Golf: Donaldson savours Ryder Cup triumph

Golf: Donaldson savours Ryder Cup triumph
Jamie Donaldson with his trophy after Team Europe won the Ryder Cup in Gleneagles, Scotland, on September 28, 2014.

LONDON - Jamie Donaldson was left reflecting on a "dream" Ryder Cup debut after starring in Europe's victory.

The 38-year-old Welshman rounded off an impressive three days at Scotland's Gleneagles course when he clinched the singles point that sealed the team's latest win over the United States.

Donaldson's brilliant pitch to the 15th green led to a concession from his American opponent Keegan Bradley.

Donaldson beat Bradley 4 and 3, having partnered England's Lee Westwood to two foursomes victories on Friday and Saturday.

"It was pretty special, the fact it came down to me, you dream of these things," he said. "But what is more important is that the team won.

"Everyone played pretty well and we had a fantastic captain who was inspirational and that was enough to win the cup back.

"It's been more than I expected, it's been amazing," Donaldson added.

"You imagine what it is going to be like in the Ryder Cup but when it comes down to it it was bigger and better. There is nothing like it. It is the biggest and best experience of golf you will ever have.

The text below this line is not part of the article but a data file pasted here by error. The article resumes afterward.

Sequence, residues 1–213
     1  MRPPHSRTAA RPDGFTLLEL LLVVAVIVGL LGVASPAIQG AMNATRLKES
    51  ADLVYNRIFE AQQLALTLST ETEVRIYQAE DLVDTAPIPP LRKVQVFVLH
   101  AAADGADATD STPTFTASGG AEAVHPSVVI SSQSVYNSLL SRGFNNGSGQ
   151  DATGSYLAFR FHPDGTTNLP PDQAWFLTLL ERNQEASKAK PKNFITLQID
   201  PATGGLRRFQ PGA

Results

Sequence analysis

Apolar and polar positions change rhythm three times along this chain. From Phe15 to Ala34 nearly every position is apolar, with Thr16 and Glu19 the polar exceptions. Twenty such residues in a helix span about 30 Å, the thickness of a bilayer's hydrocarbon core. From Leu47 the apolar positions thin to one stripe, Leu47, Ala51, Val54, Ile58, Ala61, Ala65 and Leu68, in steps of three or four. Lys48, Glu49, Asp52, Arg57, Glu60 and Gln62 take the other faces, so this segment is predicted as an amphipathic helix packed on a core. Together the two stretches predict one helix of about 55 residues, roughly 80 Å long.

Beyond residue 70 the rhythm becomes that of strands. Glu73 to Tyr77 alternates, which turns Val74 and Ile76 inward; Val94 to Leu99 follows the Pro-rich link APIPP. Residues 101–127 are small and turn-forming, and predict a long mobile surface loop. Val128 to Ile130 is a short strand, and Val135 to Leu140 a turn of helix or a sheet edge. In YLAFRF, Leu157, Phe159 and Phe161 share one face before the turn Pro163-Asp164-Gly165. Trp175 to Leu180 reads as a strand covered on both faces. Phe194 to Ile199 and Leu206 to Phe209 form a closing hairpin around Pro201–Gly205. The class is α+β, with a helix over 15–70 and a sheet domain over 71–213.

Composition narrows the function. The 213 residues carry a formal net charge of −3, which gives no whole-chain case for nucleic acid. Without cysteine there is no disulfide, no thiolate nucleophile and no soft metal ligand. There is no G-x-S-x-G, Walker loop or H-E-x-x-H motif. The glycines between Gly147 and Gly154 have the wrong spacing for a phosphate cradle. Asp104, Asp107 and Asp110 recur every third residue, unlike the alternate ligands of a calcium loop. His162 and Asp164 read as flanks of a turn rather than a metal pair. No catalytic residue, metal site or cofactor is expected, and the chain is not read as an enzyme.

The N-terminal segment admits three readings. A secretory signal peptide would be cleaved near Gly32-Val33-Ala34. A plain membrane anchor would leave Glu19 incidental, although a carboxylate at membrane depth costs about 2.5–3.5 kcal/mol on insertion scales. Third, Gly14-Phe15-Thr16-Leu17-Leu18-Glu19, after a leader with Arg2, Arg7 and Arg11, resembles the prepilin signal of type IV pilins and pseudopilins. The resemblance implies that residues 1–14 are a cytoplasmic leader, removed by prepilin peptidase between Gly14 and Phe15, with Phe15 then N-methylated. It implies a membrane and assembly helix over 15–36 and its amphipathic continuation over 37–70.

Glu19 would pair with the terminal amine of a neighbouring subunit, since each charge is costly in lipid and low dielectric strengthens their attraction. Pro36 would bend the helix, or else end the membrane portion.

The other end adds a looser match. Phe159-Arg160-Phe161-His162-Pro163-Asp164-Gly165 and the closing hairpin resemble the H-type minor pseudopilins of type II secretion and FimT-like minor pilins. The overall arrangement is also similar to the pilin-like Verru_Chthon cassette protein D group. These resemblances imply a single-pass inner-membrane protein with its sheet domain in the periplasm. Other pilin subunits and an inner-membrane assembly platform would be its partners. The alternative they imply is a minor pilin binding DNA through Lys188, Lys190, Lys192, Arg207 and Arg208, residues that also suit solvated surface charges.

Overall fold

"There was so many people it was like playing in a football stadium every hole." Donaldson, asked if the enormity of his achievement had sunk in, said: "No. I'll just put my feet up and spend some time with the kids now, and enjoy what has been an awesome success." Back injuries hampered Donaldson's early years as a professional before he won the Irish Open in 2012.

Donaldson, however, only qualified for the European Ryder Cup team by winning the Czech Open in August.

His brilliant approach shot to defeat Bradley on Sunday has assured Donaldson of a place in Ryder Cup history, but he remains eager to take part in future editions.

"I've got to play really well but hopefully that is the case. I'd been wanting this for so long. You don't want to miss one of these in a hurry," he said.

"But it is brutally hard just to get into the team, before you've even teed it up. I played as well as I could for a year and scraped in by one event.

"It has been an immense week but you can't imagine what it is going to be like until you stand on that first tee," he added.

However, Donaldson was quick to join the chorus of praise for European captain Paul McGinley.

"After a long week the most important thing was the team won and we just had a great time. It was awesome team spirit all week.

"Paul was brilliant - inspirational captaincy. At the end of the day we did enough to win, and that was the important thing."

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